Shallow Profiler Moorings V18

Refreshed Shallow Profiler Mooring at Slope Base
Shallow Profiler in Saltwater Tank

A Shallow Profiler winched science pod and stationary platform, which host 18 instruments (e.g. pH, CO2, temperature, chlorophyll, zooplankton, nutrients, currents) undergoes testing in the School of Oceanography saltwater tank. The platforms will be deployed 600 ft beneath the oceans surface. Since 2015, three of these pods have made >27,000 profiles, providing unprecedented measurements of our dynamic ocean in real-time. Credit: D. Kelley, University of Washington.

Shallow Profiler at 30 m Engulfed in Sunlight

The Winched Shallow Profiler engulfed in soft sunlight rises up 30 m beneath the ocean's surface. Located at the Slope Base site it is measuring nutrients, dissolved oxygen and carbon dioxide concentrations, seawater acidity, temperature and chlorophyll concentrations at high temporal and spatial resolution, controlled from >200 miles onshore through the Internet at the University of Washington. Credit: NSF-OOI/UW/ISS; V15.

The University of Washington Applied Physics Laboratory designed and installed state-of-the-art Shallow Profiler Moorings unlike any now in the worlds' oceans to meet the science requirements for the Cabled Array component of the National Science Foundation’s Ocean Observatories Initiative (OOI). The moorings are some of the most technologically advanced in the worlds’ oceans: since 2015, the cabled science pods have completed >27,000 profiles making detailed time-series measurements of ocean properties never before possible.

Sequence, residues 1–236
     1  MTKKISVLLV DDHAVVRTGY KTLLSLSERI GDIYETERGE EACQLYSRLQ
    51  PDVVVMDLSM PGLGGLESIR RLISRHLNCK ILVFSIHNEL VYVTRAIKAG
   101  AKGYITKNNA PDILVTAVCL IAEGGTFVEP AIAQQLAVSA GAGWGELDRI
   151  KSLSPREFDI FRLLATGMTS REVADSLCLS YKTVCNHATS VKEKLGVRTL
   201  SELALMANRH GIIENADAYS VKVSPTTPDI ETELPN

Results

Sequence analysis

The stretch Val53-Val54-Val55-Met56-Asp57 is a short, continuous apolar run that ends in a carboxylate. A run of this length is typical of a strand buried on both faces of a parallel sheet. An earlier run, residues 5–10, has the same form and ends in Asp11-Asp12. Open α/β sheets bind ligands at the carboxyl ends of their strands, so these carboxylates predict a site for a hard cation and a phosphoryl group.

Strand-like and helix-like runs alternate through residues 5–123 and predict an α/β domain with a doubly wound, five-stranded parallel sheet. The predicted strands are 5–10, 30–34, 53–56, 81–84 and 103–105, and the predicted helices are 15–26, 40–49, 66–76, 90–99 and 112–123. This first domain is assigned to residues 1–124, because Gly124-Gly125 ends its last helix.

The two-legged Shallow Profiler Moorings are installed at the cabled Slope Base (2900 m), Oregon Offshore (600 m), and Axial Base (2700 m) sites. Data from 18 instruments on each mooring have been sent live to shore since late Summer, 2015 when the science components were replaced as part of the schedule Operations and Maintenance VISIONS’15 cruise. Each mooring hosts a 7,000 lb, 12 ft-across platform 200 m beneath the oceans’ surface. The moorings are connected to the Cabled Array high power and bandwidth fiber optic cables, which provide live interactive command and control capabilities from the University of Washington Operations Center and real-time data flow (engineering and science) into the OOI Data Portal.

Each 12 foot across platform hosts a stationary, instrumented Platform Interface Assembly and a winched Science Pod. A significant technological challenge for the winched Science Pods was that they required a long-lived, underwater optical slip ring on the turning winch for live communications-data transmission, as well as a rugged, controllable underwater level wind to let the cabled,  buoyant Science Pod rise and descend in the water column. When weather is bad and sea states are high, smart controllers built into the system keep the profiler pods deeper beneath the surface. Missions for the profilers include 9 trips/day through the water column and automated step functions to stop the profiler pod at specific depths and turning of instruments on and off that require stationary measurements (e.g. CO2).

Instruments on the stationary platform assembly at Slope and Axial Base include pH, broadband hydrophone, CTD-dissolved oxygen, 5-beam Acoustic Doppler Current Profiler (ADCP), 150 kHz ADCP and a digital still camera. At the Oregon Offshore site, instruments on the platform include zooplankton, pH, PCO2, and CTD-dissolved oxygen sensors. Instruments on the winched science pod at all sites include CTD-dissolved oxygen, nitrate, pH, optical attenuation, spectral irradiance, PAR, PCO2, fluorometer, and a current meter- temperature sensor. Significant expansion capabilities are also built into the mooring assembly for addition of new technologies  (e.g. flow cytometers, 3D imagers, DNA analyzers).

In concert, the instrument and platform capabilities allow high temporal and spatial measurements to be made that were never before possible with live data flow and command and control. Current instruments on the platforms were included to address science questions that vary from the impacts of climate change and ocean acidification, to the understanding of biological-rich thin layers within the oceans. Corresponding sensor arrays near the seafloor address hypoxia events, internal tides and flow of currents onto the shelf, and the release of methane from the seafloor into the ocean.